[POST-HIP-HOP] The Chicharones are best experienced live. This isn't likely to change, barring the release of a high-budget 3-D live show on Blu-ray, because so much of what makes the Chicharones the Chicharones—the dance moves; the frenetic live band; DJ Zone's pig-masked hijinks; the band's innate ability to perform its silliest songs with heartbreaking earnestness—has to be seen to be believed. There's no reason the duo of Sleep and Josh Martinez can't make a hit record. Swine Flew just may be too ambitious to be the Chicharones' breakthrough.

Opening cut "Spotlighting" is a song entirely of this musical moment. Despite containing melodic and production nods to Taco's 1982 version of "Puttin' on the Ritz," the song is catchy on its own merits and post-genre enough (think Black Eyed Peas or Cee Lo Green) to capture a national audience. The same can be said of the doo-wop and fast-rap-infused "Never Had it Easy" and the almost painfully smooth "Hi Hey Hello," a longtime standout from the Chicharones' live set.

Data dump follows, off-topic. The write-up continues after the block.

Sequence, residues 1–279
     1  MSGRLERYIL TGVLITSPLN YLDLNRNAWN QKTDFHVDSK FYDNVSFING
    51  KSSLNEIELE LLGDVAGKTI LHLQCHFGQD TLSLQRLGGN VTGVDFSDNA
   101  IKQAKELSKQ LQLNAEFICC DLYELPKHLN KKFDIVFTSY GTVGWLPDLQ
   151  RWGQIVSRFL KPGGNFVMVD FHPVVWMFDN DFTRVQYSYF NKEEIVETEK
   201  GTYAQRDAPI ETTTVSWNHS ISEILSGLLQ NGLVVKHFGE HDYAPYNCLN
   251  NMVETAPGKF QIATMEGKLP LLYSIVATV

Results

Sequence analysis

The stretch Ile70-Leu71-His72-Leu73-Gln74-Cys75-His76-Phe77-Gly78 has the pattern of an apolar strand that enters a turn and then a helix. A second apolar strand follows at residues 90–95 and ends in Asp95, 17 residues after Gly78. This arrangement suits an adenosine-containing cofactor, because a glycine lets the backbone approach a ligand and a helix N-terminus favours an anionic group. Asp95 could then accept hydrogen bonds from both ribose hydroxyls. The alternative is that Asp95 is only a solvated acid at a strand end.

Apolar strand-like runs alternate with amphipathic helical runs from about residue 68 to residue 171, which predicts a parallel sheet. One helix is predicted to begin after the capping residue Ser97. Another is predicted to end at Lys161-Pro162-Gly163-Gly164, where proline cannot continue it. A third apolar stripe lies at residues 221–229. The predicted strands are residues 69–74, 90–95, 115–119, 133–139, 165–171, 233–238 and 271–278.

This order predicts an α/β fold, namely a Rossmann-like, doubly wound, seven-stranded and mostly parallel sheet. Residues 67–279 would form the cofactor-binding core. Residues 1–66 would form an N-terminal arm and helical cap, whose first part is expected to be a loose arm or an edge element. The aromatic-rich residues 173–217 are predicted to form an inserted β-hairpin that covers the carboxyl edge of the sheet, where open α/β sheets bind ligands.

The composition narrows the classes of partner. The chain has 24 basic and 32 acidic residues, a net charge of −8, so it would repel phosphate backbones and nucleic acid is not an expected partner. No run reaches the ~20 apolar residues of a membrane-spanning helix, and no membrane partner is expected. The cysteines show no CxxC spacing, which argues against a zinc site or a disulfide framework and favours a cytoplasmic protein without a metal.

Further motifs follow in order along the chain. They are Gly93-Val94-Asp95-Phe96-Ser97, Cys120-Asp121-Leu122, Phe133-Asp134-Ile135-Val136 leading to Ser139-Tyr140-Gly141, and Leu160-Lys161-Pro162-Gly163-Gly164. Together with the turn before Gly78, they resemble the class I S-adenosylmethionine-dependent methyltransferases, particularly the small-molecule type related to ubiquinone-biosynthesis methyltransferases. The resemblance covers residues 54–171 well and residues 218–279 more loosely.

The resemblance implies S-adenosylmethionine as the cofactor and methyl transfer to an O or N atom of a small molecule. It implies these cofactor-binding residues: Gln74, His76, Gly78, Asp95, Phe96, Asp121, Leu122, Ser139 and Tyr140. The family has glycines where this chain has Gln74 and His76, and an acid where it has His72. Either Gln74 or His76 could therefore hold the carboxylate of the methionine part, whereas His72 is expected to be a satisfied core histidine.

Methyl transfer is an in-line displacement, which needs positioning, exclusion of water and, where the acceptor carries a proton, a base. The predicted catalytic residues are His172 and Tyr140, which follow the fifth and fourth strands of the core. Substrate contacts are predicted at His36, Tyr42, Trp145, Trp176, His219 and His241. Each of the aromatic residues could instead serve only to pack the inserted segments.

But the disc's best songs are also its least marketable: The funny and inspiring "Burn it Down," despite being the album's de facto first single, feels a little too old-school to catch fire. "Gangsta Momma" is a laugh-out-loud story-song that feels plucked from the Fresh Prince era. Three of the album's best tracks, "Good," "5000" and "Smile?," each run about five minutes.

At its worst moments, Swine Flew tries to fly in a handful of directions at once—see the honky-tonked "Media Frenzy" or the laudable but confused "Banker's Bonanza"—without ever quite soaring. At its best, it's probably too personal, complex and funny an album to go supernova. Because the Chicharones are one of my favorite local bands—and I like seeing them live in intimate venues—I have mixed feelings about this.

SEE IT: The Chicharones play Ted's (at Berbati's), 19 SW 2nd Ave., on Friday, Aug. 10, with Champagne Champagne and the Knux. 9:30 pm. $10 advance, $12 day of show. 21+.